April 14, 2011

Civilized Conversation

I've had several thoughts in reaction to Archbishop Okoh's latest rant.

If procreation is the cornerstone of society, then celibacy is as much of a threat to the world as same-sex marriage.

Such scant attention to the place that celibacy plays in the teaching of Jesus and Paul, and in the history of the church and the world — and his failure to connect with the even more important imagery of adoption that runs through the Scripture, including the foster-fatherhood of Joseph for the Holy Child himself! — offers little to commend in Okoh's understanding. Monasticism preserved much of the world's wisdom during times when the fertility- and inheritance-driven royal families of Europe were laying waste to it. Saying that the biological family is the cornerstone of civilization is simply a falsehood. A better case can be made for monasticism.

It also strikes me that Okoh has misplaced accusations of selfishness and hedonism which he attributes to gay and lesbian persons. Many gay and lesbian Christian couples spend more time and wealth on the church, or on raising children not their own biological offspring, instead of raising their own flesh and blood. Which is more "selfish" in the long run?

Tobias Stanislas Haller BSG
h/t to the Episcopal Café

22 comments:

Paul said...

I had no idea how rapidly the population of Nigeria was falling! :-)

Tobias, you and the good Archbishop are arguing from completely different approaches. You are making conjectures, following the logic wherever it takes you, looking for logical contradictions and coming back to re-evaluate your initial assumptions. The Archbishop is doing nothing of the sort. He starts out with The Answer in mind and fills in whatever arguments might serve to get him to the Right Place. If you were to demolish one of those arguments to his satisfaction, he would merely substitute another in its place.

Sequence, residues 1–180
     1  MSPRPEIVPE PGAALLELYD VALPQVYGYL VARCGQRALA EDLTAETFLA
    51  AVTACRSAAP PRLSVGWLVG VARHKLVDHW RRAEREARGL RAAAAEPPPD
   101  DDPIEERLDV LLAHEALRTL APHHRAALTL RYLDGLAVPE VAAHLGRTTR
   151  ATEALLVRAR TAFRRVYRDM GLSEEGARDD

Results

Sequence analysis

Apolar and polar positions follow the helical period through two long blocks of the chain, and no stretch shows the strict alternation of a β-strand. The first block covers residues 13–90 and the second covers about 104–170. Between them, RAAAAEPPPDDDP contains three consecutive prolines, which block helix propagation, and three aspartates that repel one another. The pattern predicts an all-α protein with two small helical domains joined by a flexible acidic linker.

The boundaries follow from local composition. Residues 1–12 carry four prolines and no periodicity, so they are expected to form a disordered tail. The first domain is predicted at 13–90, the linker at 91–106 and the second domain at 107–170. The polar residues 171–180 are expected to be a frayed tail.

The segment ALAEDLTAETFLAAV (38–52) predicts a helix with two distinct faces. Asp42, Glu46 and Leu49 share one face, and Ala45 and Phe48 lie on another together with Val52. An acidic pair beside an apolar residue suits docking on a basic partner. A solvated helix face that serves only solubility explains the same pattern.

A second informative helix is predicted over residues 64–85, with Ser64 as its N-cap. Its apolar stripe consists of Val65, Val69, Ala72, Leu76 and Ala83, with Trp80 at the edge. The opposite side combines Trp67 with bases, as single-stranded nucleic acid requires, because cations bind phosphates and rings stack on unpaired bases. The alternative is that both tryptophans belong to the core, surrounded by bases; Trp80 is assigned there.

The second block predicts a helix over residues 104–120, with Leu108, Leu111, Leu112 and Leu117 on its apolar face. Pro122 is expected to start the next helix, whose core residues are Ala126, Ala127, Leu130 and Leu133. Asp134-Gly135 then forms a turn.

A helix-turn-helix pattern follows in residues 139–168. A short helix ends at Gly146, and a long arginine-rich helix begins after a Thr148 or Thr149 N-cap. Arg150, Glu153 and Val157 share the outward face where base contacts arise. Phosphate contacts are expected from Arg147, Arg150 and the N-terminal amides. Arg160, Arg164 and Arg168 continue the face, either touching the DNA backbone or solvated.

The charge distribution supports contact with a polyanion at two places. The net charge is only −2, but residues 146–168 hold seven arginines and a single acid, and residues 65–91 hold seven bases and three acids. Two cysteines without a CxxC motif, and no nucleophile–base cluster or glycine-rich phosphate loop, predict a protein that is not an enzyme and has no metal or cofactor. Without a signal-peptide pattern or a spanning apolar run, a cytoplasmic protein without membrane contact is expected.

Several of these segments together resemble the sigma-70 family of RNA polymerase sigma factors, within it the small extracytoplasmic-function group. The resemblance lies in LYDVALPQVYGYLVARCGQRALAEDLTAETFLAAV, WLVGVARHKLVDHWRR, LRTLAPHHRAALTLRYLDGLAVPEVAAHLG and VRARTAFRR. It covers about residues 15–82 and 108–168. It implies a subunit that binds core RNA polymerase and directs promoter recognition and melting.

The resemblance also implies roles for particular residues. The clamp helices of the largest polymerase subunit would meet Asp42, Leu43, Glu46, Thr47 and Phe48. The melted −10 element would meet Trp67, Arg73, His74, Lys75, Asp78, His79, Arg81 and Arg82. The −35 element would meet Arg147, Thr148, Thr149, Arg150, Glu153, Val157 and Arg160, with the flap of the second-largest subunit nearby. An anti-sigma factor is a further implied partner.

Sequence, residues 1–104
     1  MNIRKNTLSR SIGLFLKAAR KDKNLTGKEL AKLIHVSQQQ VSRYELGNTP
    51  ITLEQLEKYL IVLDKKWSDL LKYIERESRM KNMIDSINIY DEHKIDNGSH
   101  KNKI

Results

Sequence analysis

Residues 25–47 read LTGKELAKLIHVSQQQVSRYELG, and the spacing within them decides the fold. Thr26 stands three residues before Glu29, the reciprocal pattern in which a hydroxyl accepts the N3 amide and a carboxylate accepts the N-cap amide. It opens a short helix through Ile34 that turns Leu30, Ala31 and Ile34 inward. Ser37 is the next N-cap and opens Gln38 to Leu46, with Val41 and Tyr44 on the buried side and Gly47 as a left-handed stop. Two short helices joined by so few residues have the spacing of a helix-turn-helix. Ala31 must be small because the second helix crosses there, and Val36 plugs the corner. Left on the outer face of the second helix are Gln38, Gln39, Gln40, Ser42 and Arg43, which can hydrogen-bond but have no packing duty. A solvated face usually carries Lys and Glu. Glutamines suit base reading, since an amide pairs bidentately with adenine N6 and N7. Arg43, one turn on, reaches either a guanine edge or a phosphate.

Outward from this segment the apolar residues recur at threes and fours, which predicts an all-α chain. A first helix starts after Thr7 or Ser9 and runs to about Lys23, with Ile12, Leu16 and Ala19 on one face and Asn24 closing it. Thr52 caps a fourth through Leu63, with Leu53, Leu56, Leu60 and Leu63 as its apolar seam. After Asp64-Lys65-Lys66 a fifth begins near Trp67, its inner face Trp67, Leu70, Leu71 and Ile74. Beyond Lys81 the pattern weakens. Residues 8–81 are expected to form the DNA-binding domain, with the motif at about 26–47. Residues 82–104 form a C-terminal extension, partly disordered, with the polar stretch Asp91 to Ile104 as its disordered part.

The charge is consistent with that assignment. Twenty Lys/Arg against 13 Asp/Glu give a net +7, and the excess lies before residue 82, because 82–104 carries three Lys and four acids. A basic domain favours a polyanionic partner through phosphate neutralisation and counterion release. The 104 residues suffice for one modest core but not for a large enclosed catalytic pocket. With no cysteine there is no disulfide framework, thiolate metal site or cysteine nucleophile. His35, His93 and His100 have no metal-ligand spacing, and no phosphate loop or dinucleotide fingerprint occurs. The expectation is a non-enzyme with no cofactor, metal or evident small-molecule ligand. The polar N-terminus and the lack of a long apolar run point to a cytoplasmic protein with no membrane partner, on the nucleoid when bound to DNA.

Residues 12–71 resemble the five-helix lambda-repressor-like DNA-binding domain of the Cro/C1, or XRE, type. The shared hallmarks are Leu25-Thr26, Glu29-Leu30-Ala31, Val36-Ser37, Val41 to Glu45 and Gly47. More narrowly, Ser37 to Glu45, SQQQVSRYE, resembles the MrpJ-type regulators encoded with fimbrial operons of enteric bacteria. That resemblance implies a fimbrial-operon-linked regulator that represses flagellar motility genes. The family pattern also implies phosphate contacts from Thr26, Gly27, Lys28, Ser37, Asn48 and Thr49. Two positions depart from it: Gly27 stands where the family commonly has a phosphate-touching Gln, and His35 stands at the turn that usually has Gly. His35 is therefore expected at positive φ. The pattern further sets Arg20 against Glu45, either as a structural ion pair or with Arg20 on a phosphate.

This mode of argument is by no means unique to the Archbishop. It should seem familiar enough to anyone who has ever followed a political debate in this country.

Erika Baker said...

We're back at that place where logical argument cannot change people's minds because they're responding from deep within, from emotional prejudice and disgust, not reason.

The only thing that will slowly change Africa is more and more people discovering that they do, after all, have gay children, nephews, neighbours, and that these are actually quite normal people.

We need to concentrate our energies on keeping lgbt people in Africa safe and supported during this process.

Our countries had to go through this process and, sadly, I don't think it's possible to shortcut any of it.

MadPriest said...

Okoh's understanding of our human situation demonstrates just how influential Richard Dawkins, and his fellow selfish geners, have been in the world. If they have managed to persuade Nigerians that it is all about the procreation of the species then I think we may have lost the battle.

Tim said...

Perhaps this replacement-for-Akinola needs to read http://en.wikipedia.org/wiki/List_of_animals_displaying_homosexual_behavior

Tobias Stanislas Haller said...

Thanks, Paul. There is a question as to how much this represents what Okoh believes to be true, as opposed to what he finds a useful political position -- or both. Ultimately it doesn't alter the end hurtful effect of his words.